One of the best things about late August is back-to-back activities at the Colorado State Fair.
Friday night it was the Greater Pueblo Chamber of Commerce barbecue, which draws lobbyists and legislators, the governor and cabinet members, local school board and city council members and more.
“I love the legislative barbecue each year,” said Rep. Clarice Navarro, R-Pueblo. “It’s an awesome experience to be able to showcase all that I’m so very proud of in Southern Colorado.
“The chamber never ceases to amaze me at how it draws a who’s who in Colorado to the fair that I love,” she added.
On Tuesday, attention switches to the Denver Rustlers, a group that raises money to buy livestock from kids showing animals at the State Fair. Members of the bipartisan organization board buses in the metro area and head to the fair for the day.
“Best philanthropic day of the year,” is how Matthew Leebove, Mountain States senior campaign executive at Jewish National Fund, referred to the Rustlers’ rendezvous.
“The highlight for was the Centennial Farm awards,” said Sen. Larry Crowder, referring to the program started under former Gov. Dick Lamm in 1986.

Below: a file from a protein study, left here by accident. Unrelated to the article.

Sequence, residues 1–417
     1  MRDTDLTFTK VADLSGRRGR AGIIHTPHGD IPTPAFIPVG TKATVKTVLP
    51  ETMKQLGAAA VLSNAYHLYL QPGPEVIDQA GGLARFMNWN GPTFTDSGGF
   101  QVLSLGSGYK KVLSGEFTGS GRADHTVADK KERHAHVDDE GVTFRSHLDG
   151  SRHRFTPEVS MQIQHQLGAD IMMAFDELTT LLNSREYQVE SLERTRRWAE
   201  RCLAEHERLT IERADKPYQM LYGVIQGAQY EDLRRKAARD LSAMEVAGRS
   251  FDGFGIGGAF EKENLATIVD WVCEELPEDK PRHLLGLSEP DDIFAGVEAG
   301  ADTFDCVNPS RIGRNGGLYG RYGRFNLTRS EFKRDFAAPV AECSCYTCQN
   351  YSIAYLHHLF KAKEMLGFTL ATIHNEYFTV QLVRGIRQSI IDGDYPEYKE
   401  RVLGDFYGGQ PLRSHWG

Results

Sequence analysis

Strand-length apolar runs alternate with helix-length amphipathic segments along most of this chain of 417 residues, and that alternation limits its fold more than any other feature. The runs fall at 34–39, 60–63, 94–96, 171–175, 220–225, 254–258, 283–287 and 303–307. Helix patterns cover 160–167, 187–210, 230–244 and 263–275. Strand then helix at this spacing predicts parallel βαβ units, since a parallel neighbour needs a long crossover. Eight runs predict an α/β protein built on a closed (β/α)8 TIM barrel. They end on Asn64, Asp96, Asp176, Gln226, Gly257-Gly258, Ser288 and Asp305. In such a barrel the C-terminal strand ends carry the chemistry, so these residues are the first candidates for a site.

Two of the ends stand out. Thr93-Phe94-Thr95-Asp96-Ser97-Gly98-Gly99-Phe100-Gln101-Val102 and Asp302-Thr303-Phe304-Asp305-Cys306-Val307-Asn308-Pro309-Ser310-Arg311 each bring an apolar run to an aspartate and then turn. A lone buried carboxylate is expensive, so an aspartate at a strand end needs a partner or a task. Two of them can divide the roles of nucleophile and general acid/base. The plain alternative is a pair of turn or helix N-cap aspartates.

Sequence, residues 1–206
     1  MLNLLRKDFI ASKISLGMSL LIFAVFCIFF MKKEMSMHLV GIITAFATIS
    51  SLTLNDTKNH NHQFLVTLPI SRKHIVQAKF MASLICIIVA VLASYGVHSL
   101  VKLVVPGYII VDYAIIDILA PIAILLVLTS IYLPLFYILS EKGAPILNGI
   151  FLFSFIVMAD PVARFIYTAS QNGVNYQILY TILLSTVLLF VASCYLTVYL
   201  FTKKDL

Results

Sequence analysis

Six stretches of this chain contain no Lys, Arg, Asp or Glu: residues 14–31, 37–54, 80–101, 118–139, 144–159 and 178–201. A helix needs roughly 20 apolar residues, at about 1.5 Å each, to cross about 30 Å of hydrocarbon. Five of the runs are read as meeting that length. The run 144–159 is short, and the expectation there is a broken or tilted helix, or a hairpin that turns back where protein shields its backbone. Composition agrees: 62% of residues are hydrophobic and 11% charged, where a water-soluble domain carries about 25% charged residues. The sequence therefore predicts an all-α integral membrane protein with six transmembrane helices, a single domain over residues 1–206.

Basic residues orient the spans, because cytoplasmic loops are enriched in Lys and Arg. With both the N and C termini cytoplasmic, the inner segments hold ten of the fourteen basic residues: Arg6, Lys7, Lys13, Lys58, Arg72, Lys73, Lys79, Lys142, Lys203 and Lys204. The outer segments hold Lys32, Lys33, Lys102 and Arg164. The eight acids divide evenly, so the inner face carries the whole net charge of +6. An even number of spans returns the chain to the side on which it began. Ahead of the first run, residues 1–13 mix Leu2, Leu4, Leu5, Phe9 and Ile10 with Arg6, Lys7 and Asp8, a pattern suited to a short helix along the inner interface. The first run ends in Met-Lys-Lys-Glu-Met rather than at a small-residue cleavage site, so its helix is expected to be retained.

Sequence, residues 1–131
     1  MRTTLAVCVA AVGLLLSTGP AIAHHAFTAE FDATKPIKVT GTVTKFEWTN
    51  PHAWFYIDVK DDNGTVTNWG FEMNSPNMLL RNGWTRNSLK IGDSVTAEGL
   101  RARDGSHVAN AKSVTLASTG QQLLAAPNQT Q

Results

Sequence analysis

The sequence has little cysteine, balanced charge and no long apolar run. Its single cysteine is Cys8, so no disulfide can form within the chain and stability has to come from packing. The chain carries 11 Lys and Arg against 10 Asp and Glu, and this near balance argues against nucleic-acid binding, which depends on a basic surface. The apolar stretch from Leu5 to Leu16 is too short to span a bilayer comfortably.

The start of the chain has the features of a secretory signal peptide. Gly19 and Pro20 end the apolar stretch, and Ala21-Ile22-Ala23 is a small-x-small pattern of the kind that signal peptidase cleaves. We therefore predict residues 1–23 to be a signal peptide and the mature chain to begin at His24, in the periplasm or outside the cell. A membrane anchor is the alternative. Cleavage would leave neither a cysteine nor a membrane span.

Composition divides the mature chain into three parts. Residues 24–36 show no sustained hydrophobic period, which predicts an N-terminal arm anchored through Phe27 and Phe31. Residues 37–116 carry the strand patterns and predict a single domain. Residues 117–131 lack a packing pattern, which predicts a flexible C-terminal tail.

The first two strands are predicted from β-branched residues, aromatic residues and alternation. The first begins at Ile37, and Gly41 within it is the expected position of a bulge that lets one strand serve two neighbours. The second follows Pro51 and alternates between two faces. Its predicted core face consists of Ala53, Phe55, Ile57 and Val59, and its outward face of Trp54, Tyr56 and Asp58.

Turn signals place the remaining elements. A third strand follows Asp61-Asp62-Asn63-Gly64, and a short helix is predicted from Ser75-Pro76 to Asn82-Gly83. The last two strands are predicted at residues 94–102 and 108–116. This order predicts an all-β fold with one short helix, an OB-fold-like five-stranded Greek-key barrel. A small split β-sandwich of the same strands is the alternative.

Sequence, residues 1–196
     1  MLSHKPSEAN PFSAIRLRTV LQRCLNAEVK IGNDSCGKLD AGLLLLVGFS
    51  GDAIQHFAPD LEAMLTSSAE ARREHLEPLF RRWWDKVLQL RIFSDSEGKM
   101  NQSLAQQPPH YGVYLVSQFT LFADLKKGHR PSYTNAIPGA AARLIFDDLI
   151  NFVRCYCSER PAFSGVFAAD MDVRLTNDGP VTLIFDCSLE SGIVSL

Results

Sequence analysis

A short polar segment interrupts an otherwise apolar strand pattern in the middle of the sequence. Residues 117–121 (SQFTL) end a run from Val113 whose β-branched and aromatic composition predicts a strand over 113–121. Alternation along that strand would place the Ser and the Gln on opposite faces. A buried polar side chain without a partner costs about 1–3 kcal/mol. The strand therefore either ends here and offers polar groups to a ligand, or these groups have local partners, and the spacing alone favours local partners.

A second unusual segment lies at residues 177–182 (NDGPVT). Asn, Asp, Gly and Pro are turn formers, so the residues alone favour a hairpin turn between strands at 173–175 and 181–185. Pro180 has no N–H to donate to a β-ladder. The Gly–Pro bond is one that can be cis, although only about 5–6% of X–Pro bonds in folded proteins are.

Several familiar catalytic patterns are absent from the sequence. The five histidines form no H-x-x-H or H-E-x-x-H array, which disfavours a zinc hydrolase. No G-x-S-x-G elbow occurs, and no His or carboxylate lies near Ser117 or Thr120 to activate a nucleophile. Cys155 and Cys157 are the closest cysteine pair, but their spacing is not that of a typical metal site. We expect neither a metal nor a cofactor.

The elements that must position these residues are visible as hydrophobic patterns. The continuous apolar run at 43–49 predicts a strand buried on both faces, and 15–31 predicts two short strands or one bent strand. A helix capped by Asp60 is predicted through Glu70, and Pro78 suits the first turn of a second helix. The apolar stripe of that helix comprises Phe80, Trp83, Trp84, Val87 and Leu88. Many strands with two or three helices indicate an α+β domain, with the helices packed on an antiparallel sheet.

“And everyone was on their best at the legislative barbecue!”
The State Fair barbecue crowd is always a little smaller in an off election year, but the participants are just as enthused. The Pueblo Chieftain’s Peter Roper caught up with Gov. John Hickenlooper, who was in demand for photo ops from BBQ-goers.
“The governor had just come from the ribbon-cutting Downtown for the Professional Bullriders Association project. And he’d met with sign-carrying Pueblo residents pushing for renewable energy,” The Chieftain wrote.
“‘It was good. All good. It’s Pueblo,’ the governor called out as he readied his smile for another photo.”
Colorado Secretary of State Wayne Williams told Roper, “I come every year to see friends I don’t get to see otherwise.”
The fair opened Friday and continues through Labor Day.